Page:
Wednesday, 14 September 2016

How To Read More


Last week, I wrote about how to conquer your TBR, but what use are those tips when you’re struggling to find the time to read in the first place? Hopefully the following suggestions will help you cram in as much reading into your day as possible.


  1. Always have a book on you

I have become known for literally always having at least one book on me. It may be a physical book, it may be my Kindle, it may be an audiobook on my phone, it might be all 3. By always having a book on you, you always have the option of reading. Take one on your commute, read before and between lectures, read anytime you would normally be mindlessly scrolling on your phone - or in the case of audiobooks read whilst scrolling on your phone.


  1. Read before bed

Reading is beneficial in many ways, but did you know that reading for just 6 minutes before bed can help you sleep better? By escaping into a book, you can take your mind off your everyday troubles and get a better night’s sleep - killing multiple birds with one stone.


  1. Listen to audiobooks

At the beginning of the year, I tried out audiobooks for the first time. I immediately fell in love because I managed to fit reading into the most mundane parts of my life: food shopping, commuting, brushing my teeth, washing up.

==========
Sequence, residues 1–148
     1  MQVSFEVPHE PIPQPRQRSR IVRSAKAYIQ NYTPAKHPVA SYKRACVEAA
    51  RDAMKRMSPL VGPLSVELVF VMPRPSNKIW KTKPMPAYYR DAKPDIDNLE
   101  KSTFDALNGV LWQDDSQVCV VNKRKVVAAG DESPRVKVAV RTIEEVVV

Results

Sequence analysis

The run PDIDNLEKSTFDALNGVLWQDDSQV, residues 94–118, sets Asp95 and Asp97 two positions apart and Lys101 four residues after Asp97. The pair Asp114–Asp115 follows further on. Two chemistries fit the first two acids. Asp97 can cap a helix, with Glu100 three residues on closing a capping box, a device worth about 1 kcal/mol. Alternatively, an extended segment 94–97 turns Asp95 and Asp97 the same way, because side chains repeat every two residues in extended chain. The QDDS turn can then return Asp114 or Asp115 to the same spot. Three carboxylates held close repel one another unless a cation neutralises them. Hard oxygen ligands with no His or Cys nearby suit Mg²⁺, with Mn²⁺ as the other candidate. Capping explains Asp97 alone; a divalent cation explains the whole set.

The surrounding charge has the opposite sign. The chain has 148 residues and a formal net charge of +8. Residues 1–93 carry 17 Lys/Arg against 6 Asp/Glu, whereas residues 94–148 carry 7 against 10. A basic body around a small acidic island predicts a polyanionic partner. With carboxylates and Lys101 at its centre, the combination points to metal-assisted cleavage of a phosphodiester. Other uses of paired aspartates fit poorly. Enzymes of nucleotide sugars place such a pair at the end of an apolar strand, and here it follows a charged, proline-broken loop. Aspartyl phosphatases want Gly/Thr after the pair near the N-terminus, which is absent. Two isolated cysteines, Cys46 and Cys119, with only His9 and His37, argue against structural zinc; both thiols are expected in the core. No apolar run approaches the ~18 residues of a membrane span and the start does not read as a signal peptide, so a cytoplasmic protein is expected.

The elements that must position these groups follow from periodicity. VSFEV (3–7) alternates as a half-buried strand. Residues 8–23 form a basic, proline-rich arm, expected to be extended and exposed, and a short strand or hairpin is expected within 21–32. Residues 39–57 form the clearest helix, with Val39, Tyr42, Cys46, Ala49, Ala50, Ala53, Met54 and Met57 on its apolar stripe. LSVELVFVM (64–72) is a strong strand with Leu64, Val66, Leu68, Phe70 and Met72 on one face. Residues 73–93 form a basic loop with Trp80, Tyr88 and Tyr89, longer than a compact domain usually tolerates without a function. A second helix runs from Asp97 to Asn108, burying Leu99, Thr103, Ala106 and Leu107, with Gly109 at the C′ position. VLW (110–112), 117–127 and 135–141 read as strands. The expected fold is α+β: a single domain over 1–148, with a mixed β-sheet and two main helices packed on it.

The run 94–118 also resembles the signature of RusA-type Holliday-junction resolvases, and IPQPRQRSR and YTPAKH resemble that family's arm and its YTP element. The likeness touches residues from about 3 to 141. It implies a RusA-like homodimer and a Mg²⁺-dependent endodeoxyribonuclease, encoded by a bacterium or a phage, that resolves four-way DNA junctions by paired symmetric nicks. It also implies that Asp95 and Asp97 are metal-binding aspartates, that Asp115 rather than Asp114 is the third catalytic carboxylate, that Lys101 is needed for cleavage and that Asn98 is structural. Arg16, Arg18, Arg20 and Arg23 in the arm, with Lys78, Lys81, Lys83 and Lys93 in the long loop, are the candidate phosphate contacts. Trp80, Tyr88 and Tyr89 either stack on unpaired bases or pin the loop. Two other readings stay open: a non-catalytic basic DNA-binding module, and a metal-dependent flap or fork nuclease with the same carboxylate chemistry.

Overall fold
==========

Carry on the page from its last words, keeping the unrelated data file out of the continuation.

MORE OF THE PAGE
If you can’t afford something like Audible beyond its 30-day free trial (because let’s be honest, it’s pretty expensive), libraries often have an online audiobook catalogue as well as audiobook CDs.


  1. Try short stories/poetry

Short stories are something that I’m only just trying myself (poetry will come later). The thing I find about short stories is that I get more from them when I read them all in one go - which isn’t too difficult to do when they only take, say, half an hour. Carving out a bit of time to finish just one story is much easier sometimes than committing to one full chapter of a book.
  1. Join a book club

Sometimes, I do things better when I have group encouragement. In sports this translates to an aerobics instructor shouting at me from the front of the class, in reading it means working with others to finish a book by a certain date. Having a deadline gives me an incentive - I don’t like being late/behind.

Book clubs are amazingly flexible too - they can be online via Goodreads or in real life through your university or workplace. You can find something for everyone, whether you want to focus on a particular genre, or you only want to be reading a book on a bi-monthly basis. If there isn’t one that’s suitable for you, set one up! My personal favourites at the moment are Our Shared Shelf set up by Emma Watson and the Feminist Orchestra Book Club which was set up by Jean @ Bookish Thoughts.

Do you have any tips for fitting reading time into a hectic schedule? Let me know by commenting below!
Love to you all,
Zoe